Our quick quiz of the profession’s knowledge of business structuring revealed some interesting results – only 6% of people got all three questions right. And, when we took out those who did the survey multiple times until they got it right (yeah, that’s right, we know what you’re doing), the result was only 3.5%.
Ok, even though the questions were deliberately tricky, they are not uncommon. When you’re sitting in a meeting with clients and talking about what can and can’t be done, you need to know the implications of one decision over another – right then and there.
Here are the questions we asked and our answers:
1. Harry has borrowed funds to acquire 100% of the income units in a new hybrid trust. Under the trust deed, the trustee must pay enough income each year to Harry to ensure that the income exceeds the interest expense on the money borrowed to acquire the units. The remaining income can be distributed on a discretionary basis to Harry’s spouse and children. Can Harry claim interest deductions on the money borrowed to acquire the income units?
Yes, there is a connection with earning income from the trust. However, the ATO would not allow a full deduction as a portion of the borrowed funds will potentially be used to benefit others (eg. family members).
TD 2009/17 sets out the ATO’s view that interest on a loan borrowed to settle funds on trust to benefit the borrower and others cannot be deducted in full. The interest is not deductible to the extent that the borrowed funds are used for the purpose of benefiting persons other than the taxpayer, even if the borrower may reasonably expect to recoup their expenses through trust distributions.
51% of survey participants got this question right.
2. Liz owns all the shares in ABC Pty Ltd. The company owns a vacant block of land which it bought for $50,000 in 1998. Liz and Tony’s marriage breaks down and the Family Court orders the company to transfer the land to Tony. The market value of the land is $150,000 at this time. Are there any immediate tax implications?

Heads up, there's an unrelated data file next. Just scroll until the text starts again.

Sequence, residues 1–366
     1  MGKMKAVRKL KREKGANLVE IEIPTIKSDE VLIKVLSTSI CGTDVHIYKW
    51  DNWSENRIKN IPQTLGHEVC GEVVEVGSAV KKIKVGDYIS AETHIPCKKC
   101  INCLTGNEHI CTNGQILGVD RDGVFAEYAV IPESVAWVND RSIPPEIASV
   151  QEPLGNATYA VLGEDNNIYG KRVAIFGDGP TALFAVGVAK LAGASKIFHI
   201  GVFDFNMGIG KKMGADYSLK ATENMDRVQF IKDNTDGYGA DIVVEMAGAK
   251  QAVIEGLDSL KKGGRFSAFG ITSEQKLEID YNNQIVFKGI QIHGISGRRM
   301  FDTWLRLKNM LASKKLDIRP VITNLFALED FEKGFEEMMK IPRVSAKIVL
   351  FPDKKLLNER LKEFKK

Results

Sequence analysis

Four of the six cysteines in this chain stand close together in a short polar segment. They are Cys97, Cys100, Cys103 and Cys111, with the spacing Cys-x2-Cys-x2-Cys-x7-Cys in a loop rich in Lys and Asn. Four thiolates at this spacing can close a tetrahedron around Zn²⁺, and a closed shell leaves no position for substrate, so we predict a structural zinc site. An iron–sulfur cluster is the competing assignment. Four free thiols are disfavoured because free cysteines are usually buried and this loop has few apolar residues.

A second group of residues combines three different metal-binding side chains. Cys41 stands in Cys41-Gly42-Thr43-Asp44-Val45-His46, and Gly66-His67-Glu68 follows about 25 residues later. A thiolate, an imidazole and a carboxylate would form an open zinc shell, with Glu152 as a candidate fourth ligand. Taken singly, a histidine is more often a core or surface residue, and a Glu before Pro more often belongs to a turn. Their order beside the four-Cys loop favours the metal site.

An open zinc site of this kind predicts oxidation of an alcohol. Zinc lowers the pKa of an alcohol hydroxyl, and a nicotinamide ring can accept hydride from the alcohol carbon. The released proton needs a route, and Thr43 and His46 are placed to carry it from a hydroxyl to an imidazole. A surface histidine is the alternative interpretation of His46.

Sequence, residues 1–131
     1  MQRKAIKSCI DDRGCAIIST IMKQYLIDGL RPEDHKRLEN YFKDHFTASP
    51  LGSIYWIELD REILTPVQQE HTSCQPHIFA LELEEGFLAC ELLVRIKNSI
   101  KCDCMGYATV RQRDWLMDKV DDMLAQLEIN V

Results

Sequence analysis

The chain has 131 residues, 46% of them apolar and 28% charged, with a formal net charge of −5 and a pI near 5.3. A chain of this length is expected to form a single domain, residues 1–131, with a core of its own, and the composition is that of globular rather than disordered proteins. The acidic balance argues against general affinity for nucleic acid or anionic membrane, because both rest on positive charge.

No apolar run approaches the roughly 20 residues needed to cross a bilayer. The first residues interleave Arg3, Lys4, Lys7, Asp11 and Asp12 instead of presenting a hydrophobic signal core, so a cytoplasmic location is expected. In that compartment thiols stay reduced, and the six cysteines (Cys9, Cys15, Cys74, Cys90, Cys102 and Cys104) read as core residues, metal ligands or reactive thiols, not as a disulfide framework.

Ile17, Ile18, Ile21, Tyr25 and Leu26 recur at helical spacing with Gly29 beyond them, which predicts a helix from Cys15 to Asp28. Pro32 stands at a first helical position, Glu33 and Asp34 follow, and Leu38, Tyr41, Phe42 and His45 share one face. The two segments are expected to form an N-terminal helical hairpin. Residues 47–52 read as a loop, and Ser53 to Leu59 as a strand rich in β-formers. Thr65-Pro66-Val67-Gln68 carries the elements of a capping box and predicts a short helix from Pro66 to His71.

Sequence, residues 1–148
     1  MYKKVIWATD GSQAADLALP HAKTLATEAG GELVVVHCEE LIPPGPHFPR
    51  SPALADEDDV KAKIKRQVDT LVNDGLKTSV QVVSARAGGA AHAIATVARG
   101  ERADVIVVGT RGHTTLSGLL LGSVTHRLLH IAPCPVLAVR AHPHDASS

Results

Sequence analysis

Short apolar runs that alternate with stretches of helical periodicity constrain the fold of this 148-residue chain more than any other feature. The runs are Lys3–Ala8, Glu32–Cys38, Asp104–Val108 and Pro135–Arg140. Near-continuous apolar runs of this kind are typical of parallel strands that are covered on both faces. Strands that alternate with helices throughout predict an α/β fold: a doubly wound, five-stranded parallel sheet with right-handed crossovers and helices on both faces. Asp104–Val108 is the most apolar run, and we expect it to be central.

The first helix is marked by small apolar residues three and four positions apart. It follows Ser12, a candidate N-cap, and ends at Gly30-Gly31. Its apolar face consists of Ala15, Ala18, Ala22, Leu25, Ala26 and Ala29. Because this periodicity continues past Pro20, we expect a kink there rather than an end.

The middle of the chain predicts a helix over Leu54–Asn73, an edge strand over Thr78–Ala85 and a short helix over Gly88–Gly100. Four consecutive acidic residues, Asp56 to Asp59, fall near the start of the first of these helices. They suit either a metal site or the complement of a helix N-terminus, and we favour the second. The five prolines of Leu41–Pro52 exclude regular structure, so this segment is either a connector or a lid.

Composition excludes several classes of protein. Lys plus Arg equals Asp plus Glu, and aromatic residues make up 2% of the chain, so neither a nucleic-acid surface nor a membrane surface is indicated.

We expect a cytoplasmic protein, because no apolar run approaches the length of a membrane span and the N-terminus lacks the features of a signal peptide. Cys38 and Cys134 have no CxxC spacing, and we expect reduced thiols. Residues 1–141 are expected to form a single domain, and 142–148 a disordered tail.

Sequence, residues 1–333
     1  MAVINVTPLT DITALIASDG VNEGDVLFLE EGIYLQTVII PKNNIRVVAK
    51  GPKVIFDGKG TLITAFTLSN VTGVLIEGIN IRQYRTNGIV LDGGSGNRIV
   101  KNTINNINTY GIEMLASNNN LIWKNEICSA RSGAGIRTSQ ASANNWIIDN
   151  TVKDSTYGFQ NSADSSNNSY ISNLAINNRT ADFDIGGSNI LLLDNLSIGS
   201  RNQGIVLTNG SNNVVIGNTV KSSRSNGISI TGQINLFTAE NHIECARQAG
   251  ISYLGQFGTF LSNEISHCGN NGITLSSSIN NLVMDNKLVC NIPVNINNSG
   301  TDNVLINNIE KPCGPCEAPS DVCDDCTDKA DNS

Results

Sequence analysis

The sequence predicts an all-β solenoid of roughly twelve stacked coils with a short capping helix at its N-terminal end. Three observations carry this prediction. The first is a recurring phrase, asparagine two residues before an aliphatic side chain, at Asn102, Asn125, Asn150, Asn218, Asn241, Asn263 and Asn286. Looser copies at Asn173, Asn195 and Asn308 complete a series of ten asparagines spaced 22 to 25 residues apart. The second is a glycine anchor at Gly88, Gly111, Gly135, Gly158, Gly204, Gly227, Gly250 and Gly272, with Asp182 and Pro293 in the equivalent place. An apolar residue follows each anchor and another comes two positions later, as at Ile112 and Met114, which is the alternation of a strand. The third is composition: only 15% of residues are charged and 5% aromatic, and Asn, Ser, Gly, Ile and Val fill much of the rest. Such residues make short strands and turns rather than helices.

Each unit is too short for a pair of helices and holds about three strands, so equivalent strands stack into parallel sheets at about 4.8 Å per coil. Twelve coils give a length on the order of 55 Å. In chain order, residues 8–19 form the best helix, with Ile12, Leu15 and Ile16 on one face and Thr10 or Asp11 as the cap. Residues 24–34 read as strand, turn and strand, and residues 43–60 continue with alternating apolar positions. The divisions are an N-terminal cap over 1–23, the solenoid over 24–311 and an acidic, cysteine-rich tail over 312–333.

Yes, even though CGT rollover relief applies to prevent any capital gain or loss being made by the company, the transfer of the land should trigger a deemed dividend under Division 7A.
Subdivision 126-A ITAA 1997 does allow CGT rollover relief to apply when assets are transferred by a company to one of the parties to the marriage that has broken down. However, TR 2013/D6 confirms the ATO’s view that a transfer of property by a private company to an associate of a shareholder would be treated as a payment for Division 7A purposes and the exception in section 109J ITAA 1936 would not apply.
39% of survey participants got this question right.
3. A buy-sell arrangement has been put in place by a company and its shareholders. The company holds a life insurance policy over the life of each shareholder. Upon the death of a shareholder, the company must use the proceeds to buy-back their shares from the executor of the deceased estate. The company has nominal share capital but large retained earnings. What are the immediate tax implications?
The proceeds received under the life insurance policy are tax-free to the company. The share buy-back will primarily be taxed as a dividend to the deceased estate or the beneficiaries.
As long as the company was the original owner of the life insurance policy then the proceeds should be exempt from CGT. When an off-market share buy-back occurs the proceeds are treated as a dividend for tax purposes except to the extent that the amount has been debited to the company’s share capital account.
21% of survey participants got this question right.
One of our participants pointed out that this survey question doesn’t say if the life insurance policies were previously claimed as a tax deduction or not. Our response is that it’s not really relevant as the analysis needs to go the other way. First you look at whether the proceeds are taxable on revenue or capital account. Generally, if the proceeds are on capital account then the premiums won't be deductible. Life insurance proceeds are generally on capital account excess for certain key man insurance which is not really designed to compensate for the loss of life, it's more about business continuity and covering ongoing business expenses.